Depth psychology and New Zealand society
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Adjudication of the New Zealand Press Council.




CASE NO: 706

ADJUDICATION OF THE NEW ZEALAND PRESS COUNCIL ON THE COMPLAINT OF J M STEVENSON AGAINST OTAGO DAILY TIMES

NOT TO BE PUBLISHED BEFORE WEDNESDAY 12 AUGUST 1998

The New Zealand Press Council has declined to uphold a complaint against the Otago Daily Times by J.M. Stevenson, director of a Dunedin-based organisation called the Centre for Psycho-Sociological Development. The Centre says it is a non-political organisation that exists to contribute to the development of society by the application of "depth psychology" to the means by which New Zealanders see themselves and their world.

Mr Stevenson was unhappy that the newspaper published a column by a political commentator on the Government's work-for-the-dole scheme which ignored what the Centre believes are this country's obligations under a number of international conventions to which New Zealand is a signatory. The Centre had earlier issued a press statement on these obligations. The situation, Mr Stevenson said, was compounded by an editorial in the Otago Daily Times on the same subject. He said that while the Centre believed in freedom of the press, that freedom was not absolute and withholding such information was "tantamount to propaganda."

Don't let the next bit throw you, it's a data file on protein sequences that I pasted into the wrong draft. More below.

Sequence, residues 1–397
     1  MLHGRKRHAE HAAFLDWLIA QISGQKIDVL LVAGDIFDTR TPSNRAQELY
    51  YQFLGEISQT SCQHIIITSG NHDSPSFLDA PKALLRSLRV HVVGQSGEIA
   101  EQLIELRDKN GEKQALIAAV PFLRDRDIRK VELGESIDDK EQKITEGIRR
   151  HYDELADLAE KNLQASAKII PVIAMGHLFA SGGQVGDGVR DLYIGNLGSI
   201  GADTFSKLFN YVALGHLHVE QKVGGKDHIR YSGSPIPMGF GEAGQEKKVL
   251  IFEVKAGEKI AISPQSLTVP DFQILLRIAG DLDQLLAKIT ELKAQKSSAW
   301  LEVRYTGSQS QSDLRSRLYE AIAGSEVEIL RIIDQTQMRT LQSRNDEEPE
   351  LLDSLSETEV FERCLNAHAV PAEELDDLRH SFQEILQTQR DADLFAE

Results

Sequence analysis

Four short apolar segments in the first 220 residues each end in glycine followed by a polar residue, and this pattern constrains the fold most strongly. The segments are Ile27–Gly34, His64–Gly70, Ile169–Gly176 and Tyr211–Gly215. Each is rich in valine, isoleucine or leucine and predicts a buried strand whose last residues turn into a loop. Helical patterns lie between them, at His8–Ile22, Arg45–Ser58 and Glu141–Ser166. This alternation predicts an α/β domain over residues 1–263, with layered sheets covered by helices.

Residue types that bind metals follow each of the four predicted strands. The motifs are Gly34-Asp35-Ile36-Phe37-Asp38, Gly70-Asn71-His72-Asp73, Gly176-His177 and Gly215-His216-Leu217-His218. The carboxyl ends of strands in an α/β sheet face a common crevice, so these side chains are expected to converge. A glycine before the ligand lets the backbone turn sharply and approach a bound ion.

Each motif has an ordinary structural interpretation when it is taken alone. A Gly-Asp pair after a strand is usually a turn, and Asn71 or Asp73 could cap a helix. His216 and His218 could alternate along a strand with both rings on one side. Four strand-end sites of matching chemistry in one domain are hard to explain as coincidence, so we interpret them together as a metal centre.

The newspaper's editor disagreed and suggested Mr Stevenson submit a letter for publication setting out his concerns. Mr Stevenson declined the offer, preferring instead to complain to the Press Council. In his submission to the Council, Mr Stevenson said that to have accepted the invitation to write a letter for consideration of publication, would have meant the Centre agreed that the newspaper had no obligations to readers. He invited the Press Council to consider the ethical implications of a newspaper withholding information.

In the exchange of correspondence that accompanied the complaint, the editor said it was extreme and unreasonable to claim that because every possible view was not canvassed in an article, that article was therefore biased and amounted to propaganda. As an editor he had the right to publish what he chooses.

Mr Stevenson objected to that, saying editors were obliged to act in accordance with what he saw as the principle of the right of people in a democracy to know. The purpose of his complaint, he continued, was to have the Press Council establish such a principle.

The Press Council declined to accept that invitation. It said it believed it was unfortunate Mr Stevenson chose not to take up the offer to express his views in a letter to the editor. Had he done so those views may have provided the newspaper with a news tip worth inquiring into for a consequent news story. That the newspaper chose not to do that, however, was its right and was no doubt influenced by the fact the Centre which Mr Stevenson represents is not well known.

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